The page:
Lockdown. Isolation. Social distancing. Cases. PPE. These are but fragments of the vocabulary that have entered our lives with the onset of the pandemic. Now that ‘the new normal’ has been set and the countless deaths slowly become cold numbers that we scroll past on our phones, we can look back at the initial months and marvel at how easily we have adapted to these extraordinary and monumental changes. The Phoenix Rises: Lockdown Chronicles is a collection of anecdotes, fiction, reflections, and poems, compiled by Amit Dasgupta, that allows us to slow down and reflect on the variety of human responses to the COVID-19 pandemic. It includes contributions from several reputed writers—columnist and satirist Jug Suraiya, and journalists like Lalita Panicker and Antara Dev Sen (who is also founding editor of The Little Magazine), to name a few. Throughout the book, the reader gets a sense of a larger narrative, a greater event that has easily seeped into the lives of every human being. Its shadow has spread across the globe, sparing none. There is a piece of every story that the reader can recognize, a soupçon that is a part of the reader’s experience itself.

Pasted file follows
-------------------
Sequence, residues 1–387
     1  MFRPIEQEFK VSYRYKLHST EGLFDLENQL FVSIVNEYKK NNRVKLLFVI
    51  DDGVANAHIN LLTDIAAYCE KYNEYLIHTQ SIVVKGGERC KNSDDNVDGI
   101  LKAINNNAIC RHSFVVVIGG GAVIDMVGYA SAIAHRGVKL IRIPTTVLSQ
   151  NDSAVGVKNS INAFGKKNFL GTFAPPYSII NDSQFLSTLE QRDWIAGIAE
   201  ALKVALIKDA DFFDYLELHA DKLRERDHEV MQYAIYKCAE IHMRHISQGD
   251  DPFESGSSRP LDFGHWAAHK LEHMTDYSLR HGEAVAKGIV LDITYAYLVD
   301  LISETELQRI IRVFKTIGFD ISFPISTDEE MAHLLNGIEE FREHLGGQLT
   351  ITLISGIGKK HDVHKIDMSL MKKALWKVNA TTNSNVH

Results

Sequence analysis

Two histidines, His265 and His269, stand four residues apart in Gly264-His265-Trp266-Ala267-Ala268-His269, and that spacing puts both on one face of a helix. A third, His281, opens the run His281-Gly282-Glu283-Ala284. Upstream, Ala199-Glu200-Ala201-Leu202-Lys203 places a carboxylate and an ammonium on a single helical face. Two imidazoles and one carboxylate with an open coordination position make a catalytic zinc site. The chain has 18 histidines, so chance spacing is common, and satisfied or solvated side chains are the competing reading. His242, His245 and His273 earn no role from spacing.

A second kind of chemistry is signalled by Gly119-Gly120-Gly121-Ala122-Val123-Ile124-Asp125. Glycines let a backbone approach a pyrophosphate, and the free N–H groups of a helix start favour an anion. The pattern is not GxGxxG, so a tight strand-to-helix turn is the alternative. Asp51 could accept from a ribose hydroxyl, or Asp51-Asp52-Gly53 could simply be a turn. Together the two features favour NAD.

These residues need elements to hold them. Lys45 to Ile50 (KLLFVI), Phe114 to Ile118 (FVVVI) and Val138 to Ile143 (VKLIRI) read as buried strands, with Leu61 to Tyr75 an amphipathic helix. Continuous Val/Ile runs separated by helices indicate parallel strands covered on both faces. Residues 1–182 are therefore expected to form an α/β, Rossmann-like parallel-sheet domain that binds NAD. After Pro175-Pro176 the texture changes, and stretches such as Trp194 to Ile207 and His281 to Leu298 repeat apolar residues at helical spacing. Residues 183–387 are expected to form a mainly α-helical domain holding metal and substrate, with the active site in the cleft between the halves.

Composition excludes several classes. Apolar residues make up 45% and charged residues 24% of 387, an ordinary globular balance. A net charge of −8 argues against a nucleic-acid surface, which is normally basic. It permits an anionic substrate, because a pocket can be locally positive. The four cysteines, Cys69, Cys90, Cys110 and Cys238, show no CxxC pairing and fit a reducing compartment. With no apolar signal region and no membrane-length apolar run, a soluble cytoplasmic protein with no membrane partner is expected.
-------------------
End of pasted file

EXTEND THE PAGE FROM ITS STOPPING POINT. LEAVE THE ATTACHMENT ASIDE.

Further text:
Large-scale tragedies and tumultuous events have inspired growth in literature for centuries. Famously, Shakespeare wrote three of his tragedies, King Lear, Macbeth, and Antony and Cleopatra, during the bubonic plague outbreaks of the late 16th and early 15th centuries. The 1918 pandemic, however, is surprisingly forgotten by both literature and history, perhaps because it emerged in the aftermath of the First World War. A well-known depiction of it is in the TV show Downton Abbey, and it is arguably best portrayed in Katherine Anne Porter’s Pale Horse, Pale Rider. Unlike 1918, we actually see a fresh surge of literary work in the wake of COVID-19, all of it rushing to capture the variety of experiences that we have had. The Phoenix Rises is an early attempt at this, and it seeks to inform, as well as represent us.